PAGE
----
George Floyd was laid to rest in Houston yesterday. On behalf of Humanities Texas, I extend our sympathy and condolences to his family and friends.

Floyd's killing on May 25th—and the subsequent mass protests against racism and violence inflicted upon African Americans—are only the most recent events that manifest the profound tensions and injustices woven into the fabric of our nation. The COVID-19 pandemic points to the same history of inequity, as people of color continue to be disproportionately affected in Texas and across America.

As we mourn the passing of George Floyd and countless others whose lives were cut short by racist violence, we can honor their memory by committing ourselves to the ongoing work of creating a more just and equitable society.

Toward that end, I recommend the thoughtful essay by Kevin Lindsey, president and CEO of the Minnesota Humanities Center, reflecting upon Floyd's death and its lessons for the MHC. Lindsey argues that we must directly address the corrosive effects of racism in America: "If we sincerely wish to create a great democracy, we must honestly examine our past, confront the problems before us, and boldly declare and take action to create a new reality that is truly inclusive for all." As he writes, "a just society for all does not happen by accident. The work of a just society requires all of us to play our part in advancing the cause of justice."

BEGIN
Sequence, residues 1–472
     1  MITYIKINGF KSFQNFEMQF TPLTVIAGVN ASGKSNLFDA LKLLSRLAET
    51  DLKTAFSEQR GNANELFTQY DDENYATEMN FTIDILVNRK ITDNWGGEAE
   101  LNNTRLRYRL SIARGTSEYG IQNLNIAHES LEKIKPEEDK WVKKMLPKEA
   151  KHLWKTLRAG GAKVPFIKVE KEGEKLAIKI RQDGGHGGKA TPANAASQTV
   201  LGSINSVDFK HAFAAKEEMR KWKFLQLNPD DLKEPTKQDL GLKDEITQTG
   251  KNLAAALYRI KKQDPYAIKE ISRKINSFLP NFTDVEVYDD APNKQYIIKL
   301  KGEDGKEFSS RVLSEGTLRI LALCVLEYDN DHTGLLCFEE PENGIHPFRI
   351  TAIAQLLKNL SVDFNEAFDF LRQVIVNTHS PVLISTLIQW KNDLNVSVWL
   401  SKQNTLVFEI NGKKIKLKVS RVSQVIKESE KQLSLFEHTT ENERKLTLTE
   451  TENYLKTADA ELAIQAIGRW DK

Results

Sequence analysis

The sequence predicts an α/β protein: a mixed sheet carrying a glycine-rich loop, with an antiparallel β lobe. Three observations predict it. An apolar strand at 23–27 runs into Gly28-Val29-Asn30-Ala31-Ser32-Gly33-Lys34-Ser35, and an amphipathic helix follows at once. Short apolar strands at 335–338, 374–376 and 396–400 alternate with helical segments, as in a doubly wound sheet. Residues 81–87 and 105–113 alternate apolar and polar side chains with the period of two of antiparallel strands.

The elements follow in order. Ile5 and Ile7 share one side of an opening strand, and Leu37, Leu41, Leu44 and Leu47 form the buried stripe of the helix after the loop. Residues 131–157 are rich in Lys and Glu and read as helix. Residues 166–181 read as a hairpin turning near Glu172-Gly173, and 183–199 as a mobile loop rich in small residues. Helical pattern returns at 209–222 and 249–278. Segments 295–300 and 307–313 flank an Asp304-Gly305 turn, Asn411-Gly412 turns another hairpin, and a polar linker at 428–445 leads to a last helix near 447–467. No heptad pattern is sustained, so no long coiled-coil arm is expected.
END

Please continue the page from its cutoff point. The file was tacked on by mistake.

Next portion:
Looking ahead, Humanities Texas will redouble our efforts to hold and support programs that bring people together to address our shared, sometimes difficult and contested history and that promote broader understanding of the diverse cultures that have always called Texas home. Our mission of advancing the knowledge and judgment that representative democracy demands of its citizens has never been more critical.

But we can do more. In the coming months, we will seek the guidance of a broad range of Texans to ensure that our programs are responsive to and reflective of the state's entire population in this moment, particularly the communities so deeply affected by the danger and grief that have sparked recent protests both far away and close to home.

My colleagues and I look forward to speaking with you soon, as we draw upon the humanities to work towards realizing a society that lives up to our nation's highest ideals.

Eric Lupfer